Sunday, 6 May 2012
Day 44 - A day in Burma and a drive through the Thai Highlands (Thailand/Burma)
Having picked up some stupid bug somewhere along the lines, I haven't been feeling very well the last few days, hence the shortage of blogging. But all is now well.
We tried and failed miserably to stay a night in Petchaburi. After driving around the town for two hours and stopping in a shopping centre for directions, we eventually found our way to a hotel. Unfortunately it was a proper posh hotel costing at least five times as much as we planned on spending, so even though that's still a little under $20 each, we couldn't really justify it. On we went to Ratchaburi where we did manage to find somewhere cheap and dingy enough for our requirements.
The following day took us to Tak, a town about 80km from the border of Burma. We've noticed that everybody seems to come out at night a lot more than we're used to in Australia. At 10am there are often not many people on the streets and most shops are still closed. Then rush hour seems to be the duration of the afternoon, and most shops remain open until 9 or 10pm. We've also noticed that most people eat dinner much later in the evening, and the night markets and street restaurants are open until quite late at night. Tak however, perhaps just because it is a much smaller town than Chumphon or Phatthalung, seemed to be up and running much earlier in the day and closing up sooner in the evening.
Day 42 (Saturday 5th May) was the day we've all been looking forward to. Well, one of the many days. We drove the exciting and treacherous road from Tak to Mae Sot, a 80km stretch of wet and windy danger where we passed about a dozen overturned 4x4s, a few derailed semi-trailers and way too many unfortunate scooters in the ditches. Despite it's windiness, the road was actually pretty wide and properly sealed, the local drivers just don't seem to be able to keep their vehicles on the roads. Needless to say, we were much better at staying on the road and managed to get to Mae Sot with our car still on all fours.
We were disappointed, but not at all surprised to find that we couldn't take Trevor with us into Burma. So walked across the Thai - Burmese Friendship Bridge into the border town on Myawaddy. At Customs we were escorted inside the office where we had to pay 500Bhat (AU$16) and leave our passports for the day. Foreigners are only allowed across the border for one day and the border closes at 5pm.
Although probably not a really true picture of the country, being one of the very few places tourists are allowed to visit, and located right on the border of Thailand, it was a very interesting day for us. Their choice of vehicle, unlike the Thais who much to our surprise drive mainly brand new Toyota Hiluxes (although usually with a around six people sitting in the tray), was more along the lines of the beat up van with five times extra rear suspension, piled high with layers and layers of packages, people and smaller vehicles; the tractor type machine which runs on an engine that has been tied to the front with some sort of rope, and bubbles as it runs; the motorised scooter with seven people on it; and the make-shift bus put together with panels from smaller, worn-out cars. The roads and houses were also worlds apart from their neighbours in Thailand, with only one sealed road in the town and very few houses made of anything other than wood.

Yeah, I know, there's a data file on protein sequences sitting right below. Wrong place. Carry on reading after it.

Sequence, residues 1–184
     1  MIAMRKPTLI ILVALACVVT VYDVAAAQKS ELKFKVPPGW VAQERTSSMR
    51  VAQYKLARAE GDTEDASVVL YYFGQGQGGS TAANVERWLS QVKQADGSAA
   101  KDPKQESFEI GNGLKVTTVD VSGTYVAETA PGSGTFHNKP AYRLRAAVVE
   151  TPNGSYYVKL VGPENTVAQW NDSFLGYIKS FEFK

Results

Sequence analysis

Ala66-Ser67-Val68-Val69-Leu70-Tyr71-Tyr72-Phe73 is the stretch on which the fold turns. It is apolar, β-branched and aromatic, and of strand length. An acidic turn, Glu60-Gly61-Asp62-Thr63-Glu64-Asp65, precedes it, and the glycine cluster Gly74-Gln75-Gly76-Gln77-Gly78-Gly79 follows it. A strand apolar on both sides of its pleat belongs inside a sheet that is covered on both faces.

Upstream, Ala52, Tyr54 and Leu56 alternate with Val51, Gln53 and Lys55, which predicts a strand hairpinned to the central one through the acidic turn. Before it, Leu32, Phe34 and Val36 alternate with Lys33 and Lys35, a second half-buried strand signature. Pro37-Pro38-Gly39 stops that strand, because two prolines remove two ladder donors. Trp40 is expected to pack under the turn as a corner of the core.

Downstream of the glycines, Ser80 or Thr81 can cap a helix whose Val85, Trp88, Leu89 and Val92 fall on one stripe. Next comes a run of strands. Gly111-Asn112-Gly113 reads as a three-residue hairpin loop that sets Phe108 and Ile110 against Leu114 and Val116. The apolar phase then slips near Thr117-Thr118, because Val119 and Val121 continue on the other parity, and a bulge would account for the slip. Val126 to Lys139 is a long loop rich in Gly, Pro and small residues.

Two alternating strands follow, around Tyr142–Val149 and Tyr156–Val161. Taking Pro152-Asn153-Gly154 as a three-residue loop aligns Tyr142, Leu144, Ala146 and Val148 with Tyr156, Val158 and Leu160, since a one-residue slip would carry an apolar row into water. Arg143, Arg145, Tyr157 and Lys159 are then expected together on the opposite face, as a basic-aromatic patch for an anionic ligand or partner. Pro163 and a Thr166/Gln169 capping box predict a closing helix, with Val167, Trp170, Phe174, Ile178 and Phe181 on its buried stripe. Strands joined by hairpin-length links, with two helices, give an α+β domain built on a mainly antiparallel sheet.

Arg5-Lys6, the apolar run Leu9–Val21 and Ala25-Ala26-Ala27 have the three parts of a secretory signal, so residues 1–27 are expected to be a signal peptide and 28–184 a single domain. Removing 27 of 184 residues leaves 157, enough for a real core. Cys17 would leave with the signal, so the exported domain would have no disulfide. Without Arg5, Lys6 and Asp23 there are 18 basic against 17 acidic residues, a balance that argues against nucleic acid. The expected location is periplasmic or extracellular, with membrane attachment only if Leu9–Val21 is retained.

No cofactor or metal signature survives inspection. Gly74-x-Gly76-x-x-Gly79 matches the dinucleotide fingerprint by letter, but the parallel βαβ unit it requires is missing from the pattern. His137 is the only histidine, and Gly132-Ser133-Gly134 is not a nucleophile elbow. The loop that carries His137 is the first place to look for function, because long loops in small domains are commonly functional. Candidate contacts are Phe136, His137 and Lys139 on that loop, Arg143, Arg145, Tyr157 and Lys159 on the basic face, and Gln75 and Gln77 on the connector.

But the thing that really struck us was the reactions we got from people. Sure, we got stared at and a few of the bolder ones or young children waved at or even talked to us, but unlike what we usually experience in the developing world, it was out of sheer interest and they were ever so polite and timid about it with no hint of asking for money or anything else. It was most refreshing and really helped us enjoy our few hours in the country.
We arrived yesterday in Pai, a small village north of Chiang Mai in the highlands of Thailand. It's our first time since the Cameron Highlands in Malaysia that we haven't been sweating and have even been able to pull out some trowsers, which is a huge relief. Because the 90km drive from Chiang Mai took us three hours (it was somewhat windier and hillier than we were lead to believe on the map), we'll stay here a couple of nights before heading on our way.